The Jamie Oliver Group has missed an opportunity to support Australian farmers and take a strong stand in the wake of public anger over a new marketing campaign being run by Woolworths in a recent letter from their offices in London. Growers from across the country have been making confidential complaints to AUSVEG over a new 40c a crate levy Woolworths are charging growers to fund their new marketing campaign in addition to the up to 5% marketing levy growers already pay the supermarket giant.
“AUSVEG is disappointed in the lacklustre response from the Jamie Oliver Group for not taking a stronger stand on the issue after AUSVEG exposed Woolworths last week who are levying farmers 40c a crate to pay for their new marketing campaign,” said AUSVEG Public Affairs Manager, William Churchill.
AUSVEG is the national Peak Industry Body representing Australia’s 9,000 vegetable and potato growers.
AUSVEG is disappointed that the Jamie Oliver Group has let slip the opportunity to take a stronger position on the issue stating in their letter that they are essentially an employee of Woolworths and not in a position to influence Woolworths’ business decisions.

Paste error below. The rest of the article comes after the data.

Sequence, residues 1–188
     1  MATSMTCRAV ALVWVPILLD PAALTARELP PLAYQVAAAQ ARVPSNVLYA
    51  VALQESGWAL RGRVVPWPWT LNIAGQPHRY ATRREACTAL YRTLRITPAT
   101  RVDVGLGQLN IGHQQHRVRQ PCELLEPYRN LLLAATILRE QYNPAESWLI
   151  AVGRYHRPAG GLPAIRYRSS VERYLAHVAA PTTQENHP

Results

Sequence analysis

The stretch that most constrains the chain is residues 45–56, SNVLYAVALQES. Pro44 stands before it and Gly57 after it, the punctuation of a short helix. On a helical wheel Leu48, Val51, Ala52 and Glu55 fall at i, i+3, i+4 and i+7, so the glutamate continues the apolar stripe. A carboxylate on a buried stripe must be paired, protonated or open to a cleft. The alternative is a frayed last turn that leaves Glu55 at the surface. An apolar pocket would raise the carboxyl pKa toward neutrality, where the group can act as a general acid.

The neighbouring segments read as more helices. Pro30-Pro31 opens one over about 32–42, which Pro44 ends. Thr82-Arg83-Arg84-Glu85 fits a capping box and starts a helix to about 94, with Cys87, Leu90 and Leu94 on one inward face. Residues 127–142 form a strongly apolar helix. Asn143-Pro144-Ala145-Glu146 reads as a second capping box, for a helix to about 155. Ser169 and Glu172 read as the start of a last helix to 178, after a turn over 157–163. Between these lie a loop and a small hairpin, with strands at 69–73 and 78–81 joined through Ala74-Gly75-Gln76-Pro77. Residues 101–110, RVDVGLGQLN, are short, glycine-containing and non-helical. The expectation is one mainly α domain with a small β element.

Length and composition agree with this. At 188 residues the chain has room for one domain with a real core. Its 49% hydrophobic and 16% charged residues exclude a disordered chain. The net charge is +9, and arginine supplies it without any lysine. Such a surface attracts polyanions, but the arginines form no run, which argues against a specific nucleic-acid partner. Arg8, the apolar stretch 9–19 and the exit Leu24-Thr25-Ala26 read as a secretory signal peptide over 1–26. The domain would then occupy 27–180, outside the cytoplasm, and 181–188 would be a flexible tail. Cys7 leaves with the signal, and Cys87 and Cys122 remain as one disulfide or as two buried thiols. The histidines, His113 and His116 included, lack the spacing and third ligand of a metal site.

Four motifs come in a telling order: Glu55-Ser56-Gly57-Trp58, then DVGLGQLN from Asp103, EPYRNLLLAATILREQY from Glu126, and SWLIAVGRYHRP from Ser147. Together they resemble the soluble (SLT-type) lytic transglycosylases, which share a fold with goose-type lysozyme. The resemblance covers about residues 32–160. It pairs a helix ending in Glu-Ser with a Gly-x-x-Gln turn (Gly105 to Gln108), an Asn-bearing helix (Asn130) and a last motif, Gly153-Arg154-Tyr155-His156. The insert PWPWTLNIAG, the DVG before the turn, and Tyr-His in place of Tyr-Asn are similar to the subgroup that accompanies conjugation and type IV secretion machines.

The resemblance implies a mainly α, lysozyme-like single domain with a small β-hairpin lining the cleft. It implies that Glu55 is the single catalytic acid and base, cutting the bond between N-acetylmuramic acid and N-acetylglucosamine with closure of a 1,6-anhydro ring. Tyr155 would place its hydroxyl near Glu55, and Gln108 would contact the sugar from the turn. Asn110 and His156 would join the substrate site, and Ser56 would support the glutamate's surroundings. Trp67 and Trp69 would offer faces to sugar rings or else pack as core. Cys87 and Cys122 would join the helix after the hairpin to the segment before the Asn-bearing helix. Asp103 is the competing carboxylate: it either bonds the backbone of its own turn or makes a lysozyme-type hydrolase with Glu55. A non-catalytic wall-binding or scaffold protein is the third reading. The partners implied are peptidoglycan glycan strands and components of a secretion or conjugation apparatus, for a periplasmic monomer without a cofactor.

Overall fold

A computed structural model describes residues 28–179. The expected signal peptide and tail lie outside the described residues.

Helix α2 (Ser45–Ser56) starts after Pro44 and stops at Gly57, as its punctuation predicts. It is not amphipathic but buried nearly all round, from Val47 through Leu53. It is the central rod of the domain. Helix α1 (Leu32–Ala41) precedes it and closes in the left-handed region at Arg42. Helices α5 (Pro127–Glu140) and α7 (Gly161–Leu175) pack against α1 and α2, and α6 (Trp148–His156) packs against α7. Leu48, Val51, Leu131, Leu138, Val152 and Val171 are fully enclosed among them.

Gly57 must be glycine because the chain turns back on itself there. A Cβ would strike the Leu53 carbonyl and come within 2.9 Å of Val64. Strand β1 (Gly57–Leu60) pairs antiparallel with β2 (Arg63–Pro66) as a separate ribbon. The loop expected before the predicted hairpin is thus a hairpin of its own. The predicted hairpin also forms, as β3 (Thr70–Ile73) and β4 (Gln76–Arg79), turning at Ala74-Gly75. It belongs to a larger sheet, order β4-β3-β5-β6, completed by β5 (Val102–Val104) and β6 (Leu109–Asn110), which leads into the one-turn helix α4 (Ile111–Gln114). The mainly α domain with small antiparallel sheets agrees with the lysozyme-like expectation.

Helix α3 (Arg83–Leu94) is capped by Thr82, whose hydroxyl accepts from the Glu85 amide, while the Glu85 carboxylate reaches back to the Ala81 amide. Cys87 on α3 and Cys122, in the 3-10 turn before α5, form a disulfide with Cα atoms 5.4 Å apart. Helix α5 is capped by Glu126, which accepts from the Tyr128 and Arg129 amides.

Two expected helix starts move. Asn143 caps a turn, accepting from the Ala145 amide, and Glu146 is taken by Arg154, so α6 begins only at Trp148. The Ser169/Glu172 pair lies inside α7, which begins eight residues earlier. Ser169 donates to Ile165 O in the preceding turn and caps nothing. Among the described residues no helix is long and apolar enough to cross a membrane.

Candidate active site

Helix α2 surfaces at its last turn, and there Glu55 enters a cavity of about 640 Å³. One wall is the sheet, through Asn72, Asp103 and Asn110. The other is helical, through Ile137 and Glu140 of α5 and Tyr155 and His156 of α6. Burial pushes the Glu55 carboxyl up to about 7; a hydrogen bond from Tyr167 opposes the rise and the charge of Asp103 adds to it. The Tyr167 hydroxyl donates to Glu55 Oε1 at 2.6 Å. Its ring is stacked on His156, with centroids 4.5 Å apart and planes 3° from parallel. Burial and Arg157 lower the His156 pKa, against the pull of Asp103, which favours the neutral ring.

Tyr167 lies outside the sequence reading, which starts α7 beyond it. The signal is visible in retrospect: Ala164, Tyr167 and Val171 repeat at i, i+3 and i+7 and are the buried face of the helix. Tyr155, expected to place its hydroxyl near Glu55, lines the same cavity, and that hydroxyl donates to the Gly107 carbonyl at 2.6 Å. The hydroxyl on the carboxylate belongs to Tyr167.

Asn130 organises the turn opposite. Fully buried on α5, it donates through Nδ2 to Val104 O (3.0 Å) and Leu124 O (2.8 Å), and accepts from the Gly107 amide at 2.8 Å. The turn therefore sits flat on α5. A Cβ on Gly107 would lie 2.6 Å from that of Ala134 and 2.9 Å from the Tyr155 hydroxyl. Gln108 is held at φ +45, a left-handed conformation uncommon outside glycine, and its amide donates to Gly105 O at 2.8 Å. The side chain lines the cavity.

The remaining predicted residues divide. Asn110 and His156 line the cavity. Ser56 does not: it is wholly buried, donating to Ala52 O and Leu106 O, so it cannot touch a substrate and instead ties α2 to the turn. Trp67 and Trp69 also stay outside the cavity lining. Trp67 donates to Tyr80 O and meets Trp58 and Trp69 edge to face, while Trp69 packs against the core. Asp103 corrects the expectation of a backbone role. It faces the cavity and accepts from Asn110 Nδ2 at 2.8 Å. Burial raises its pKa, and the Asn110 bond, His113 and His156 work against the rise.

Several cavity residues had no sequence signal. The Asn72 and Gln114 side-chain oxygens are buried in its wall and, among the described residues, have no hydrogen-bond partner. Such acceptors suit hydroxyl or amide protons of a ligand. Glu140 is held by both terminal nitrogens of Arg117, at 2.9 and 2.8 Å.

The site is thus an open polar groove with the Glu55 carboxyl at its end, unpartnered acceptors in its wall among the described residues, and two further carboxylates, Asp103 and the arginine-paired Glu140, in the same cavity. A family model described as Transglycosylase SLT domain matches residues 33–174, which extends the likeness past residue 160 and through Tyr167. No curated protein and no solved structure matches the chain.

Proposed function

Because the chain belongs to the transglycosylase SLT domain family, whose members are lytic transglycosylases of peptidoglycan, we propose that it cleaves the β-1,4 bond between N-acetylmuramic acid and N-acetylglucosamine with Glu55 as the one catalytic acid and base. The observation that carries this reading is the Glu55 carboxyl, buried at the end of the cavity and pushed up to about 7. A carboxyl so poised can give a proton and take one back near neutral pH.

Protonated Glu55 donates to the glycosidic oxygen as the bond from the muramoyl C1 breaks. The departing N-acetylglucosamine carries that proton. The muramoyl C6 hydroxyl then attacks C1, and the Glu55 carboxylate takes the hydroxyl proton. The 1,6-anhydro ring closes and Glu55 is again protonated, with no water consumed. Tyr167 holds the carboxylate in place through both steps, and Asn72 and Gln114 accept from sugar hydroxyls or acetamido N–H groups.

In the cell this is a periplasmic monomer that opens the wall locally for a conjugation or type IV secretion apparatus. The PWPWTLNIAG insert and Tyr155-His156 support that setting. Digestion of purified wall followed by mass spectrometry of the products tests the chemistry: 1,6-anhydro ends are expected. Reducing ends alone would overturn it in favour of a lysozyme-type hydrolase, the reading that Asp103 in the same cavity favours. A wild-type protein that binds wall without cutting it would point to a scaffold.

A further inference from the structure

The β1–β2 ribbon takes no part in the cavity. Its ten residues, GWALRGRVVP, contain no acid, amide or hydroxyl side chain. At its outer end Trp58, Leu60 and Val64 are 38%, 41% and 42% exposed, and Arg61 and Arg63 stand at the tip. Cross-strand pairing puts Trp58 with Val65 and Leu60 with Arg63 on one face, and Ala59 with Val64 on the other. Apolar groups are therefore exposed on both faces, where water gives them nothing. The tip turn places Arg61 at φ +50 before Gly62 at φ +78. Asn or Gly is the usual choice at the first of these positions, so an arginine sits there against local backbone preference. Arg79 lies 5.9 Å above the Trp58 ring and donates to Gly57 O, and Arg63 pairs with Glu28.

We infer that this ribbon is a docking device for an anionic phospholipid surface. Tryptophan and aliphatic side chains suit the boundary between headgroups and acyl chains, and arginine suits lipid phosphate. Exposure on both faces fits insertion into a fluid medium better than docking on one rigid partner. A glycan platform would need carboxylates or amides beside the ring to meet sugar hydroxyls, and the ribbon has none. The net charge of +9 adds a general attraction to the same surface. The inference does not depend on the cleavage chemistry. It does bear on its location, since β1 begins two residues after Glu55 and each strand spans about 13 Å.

“This is in stark contrast to the position Mr Oliver took in 2012 where he signed an open letter to The Times objecting to the price of milk. It’s sad that a similar stand has not been made here,” said Mr Churchill.
Vegetable growers have raised concerns to AUSVEG that they have been unfairly pressured into committing additional money to the Woolworths campaign with many fearful of retribution should they not comply with the retailer’s request.
“It’s unfair, unreasonable and un-Australian for Woolworths to expect that growers should wear the additional costs of this marketing campaign, particularly when their margins are already wafer thin.”
“Growers have seen this levy by Woolworths as a slap in the face and a double dip into their wallets and are rightfully outraged,” said Mr Churchill.
“That Woolworths are holding up one grower who has had to negotiate their payments for this ‘voluntary levy’ gives quite a strong indication that growers involvement is not because they are supportive of the campaign but because they don’t want to threaten their business with the supermarket giant”.
Woolworths posted a net profit of $1.32 billion dollars in February and could easily have funded the initiative from its own coffers.
Growers have been heartened by the outpouring of support from the Australian public since news of the Woolworths campaign was exposed over a week ago.
Posted 16 June 2014